Jessica Bonovich RN BSN

How to Maximize the Benefits of Sauna for Detoxification

by Jessica Bonovich RN, BSN

We have been recommending sauna therapy for detoxification to many of our patients who have high levels of various chemicals found in their GPL-TOX, Glyphosate, or Metals test results.  The fundamental principle that governs detoxification is that heat liberates toxins from fats, which then gets flushed out by the sweat and carried off by the blood to the liver, kidney, and GI tract. Many people are familiar with the Hubbard Protocol for sauna detoxification, which has been shown to be effective for those with serious toxic load issues, and was even used with success on emergency workers who were exposed to chemicals at the World Trade Center 9/11 disaster site.  The Hubbard Protocol is quite intense and requires a great deal of time spent in the sauna on a regular basis.  The sauna detoxification protocol that follows is perhaps more reasonable for the average patient and is designed to maximize detoxification without causing undue stress to the patient.  Sauna should be started after other metabolic supports have been implemented (such as those indicated by the results of the Organic Acids Test (OAT) and GPL-SNP1000 genetic test.

The Case for Sauna Therapy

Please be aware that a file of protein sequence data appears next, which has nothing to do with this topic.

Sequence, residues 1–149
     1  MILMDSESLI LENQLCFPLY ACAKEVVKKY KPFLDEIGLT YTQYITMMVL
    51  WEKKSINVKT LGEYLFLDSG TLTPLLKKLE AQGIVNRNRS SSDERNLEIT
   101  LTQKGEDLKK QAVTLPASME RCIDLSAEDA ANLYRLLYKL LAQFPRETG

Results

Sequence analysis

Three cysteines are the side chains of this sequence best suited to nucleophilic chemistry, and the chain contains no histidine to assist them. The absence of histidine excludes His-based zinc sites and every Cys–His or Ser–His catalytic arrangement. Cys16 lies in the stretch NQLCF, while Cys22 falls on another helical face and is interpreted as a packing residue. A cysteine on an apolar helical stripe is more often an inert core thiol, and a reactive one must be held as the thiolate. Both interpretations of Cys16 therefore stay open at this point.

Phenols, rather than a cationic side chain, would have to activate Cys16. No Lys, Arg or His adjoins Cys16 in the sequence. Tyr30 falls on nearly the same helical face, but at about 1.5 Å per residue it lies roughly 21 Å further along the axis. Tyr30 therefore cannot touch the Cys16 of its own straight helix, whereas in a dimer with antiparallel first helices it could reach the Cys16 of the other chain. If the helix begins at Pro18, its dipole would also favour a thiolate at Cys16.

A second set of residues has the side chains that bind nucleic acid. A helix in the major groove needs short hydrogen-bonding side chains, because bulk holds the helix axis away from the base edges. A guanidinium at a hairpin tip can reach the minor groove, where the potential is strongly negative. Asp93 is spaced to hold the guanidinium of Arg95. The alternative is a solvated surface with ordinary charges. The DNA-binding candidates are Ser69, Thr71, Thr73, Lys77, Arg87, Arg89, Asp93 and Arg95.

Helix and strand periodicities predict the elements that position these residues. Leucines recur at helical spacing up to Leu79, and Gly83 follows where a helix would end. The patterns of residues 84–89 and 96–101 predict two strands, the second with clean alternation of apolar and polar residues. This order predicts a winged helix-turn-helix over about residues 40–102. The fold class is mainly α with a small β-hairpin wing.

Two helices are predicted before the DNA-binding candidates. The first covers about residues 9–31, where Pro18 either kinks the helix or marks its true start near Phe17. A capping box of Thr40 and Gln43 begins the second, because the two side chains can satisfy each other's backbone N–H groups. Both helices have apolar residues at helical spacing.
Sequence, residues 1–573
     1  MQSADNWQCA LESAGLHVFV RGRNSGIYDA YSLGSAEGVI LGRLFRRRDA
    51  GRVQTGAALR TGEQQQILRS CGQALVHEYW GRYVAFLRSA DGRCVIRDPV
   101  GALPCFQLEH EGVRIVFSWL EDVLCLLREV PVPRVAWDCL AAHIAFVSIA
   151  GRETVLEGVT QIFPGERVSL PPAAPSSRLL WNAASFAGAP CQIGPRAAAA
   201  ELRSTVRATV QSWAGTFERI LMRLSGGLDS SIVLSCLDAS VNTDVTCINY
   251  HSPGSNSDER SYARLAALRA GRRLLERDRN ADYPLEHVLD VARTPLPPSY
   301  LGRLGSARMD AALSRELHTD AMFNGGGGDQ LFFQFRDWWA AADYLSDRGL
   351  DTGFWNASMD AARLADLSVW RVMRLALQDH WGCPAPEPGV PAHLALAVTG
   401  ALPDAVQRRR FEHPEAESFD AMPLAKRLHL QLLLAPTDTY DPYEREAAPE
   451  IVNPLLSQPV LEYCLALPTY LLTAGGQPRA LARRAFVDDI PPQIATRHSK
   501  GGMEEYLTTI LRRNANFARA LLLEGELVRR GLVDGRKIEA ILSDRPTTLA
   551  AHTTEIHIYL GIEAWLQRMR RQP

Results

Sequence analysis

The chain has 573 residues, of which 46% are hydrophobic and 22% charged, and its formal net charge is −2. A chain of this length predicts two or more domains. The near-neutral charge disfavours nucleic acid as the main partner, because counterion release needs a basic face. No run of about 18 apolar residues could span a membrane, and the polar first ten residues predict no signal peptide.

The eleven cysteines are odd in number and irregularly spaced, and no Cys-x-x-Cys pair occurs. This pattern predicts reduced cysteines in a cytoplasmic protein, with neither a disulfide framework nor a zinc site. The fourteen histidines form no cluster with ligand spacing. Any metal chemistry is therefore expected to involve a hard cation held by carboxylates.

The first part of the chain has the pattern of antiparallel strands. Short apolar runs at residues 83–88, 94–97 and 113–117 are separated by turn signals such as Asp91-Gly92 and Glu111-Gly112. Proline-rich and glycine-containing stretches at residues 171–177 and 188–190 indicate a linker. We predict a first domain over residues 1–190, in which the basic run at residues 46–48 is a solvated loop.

The use of sauna for liberating toxins from the adipose tissue has been fairly well established as being effective for the treatment of toxicity for many years. The studies that I have read were all published before infrared technology existed.  So, it is safe to say that sauna of any sort is likely to benefit patients with toxicity. Infrared technology claims that it is able to cause a more vigorous sweat at lower temperature, which may create a more comfortable experience for the user (less time needed and at a less high temperature).  Infrared technology also claims that it can penetrate deep within the tissue for effective elimination. While visceral fat (the fat surrounding the organs) is certainly capable of housing toxins, it is the adipose tissue found in the subcutaneous layer that is viewed as the primary culprit for toxin accumulation. To reach the subcutaneous tissue, you simply need heat. Heat can be generated internally. Consequently, exercise is an excellent way to generate heat and burn the fat housing the toxin to begin with. Many patients are too sick to consider this as an option but patients who can tolerate exercise should be encouraged to do so. Better yet, do both exercise and sauna therapy.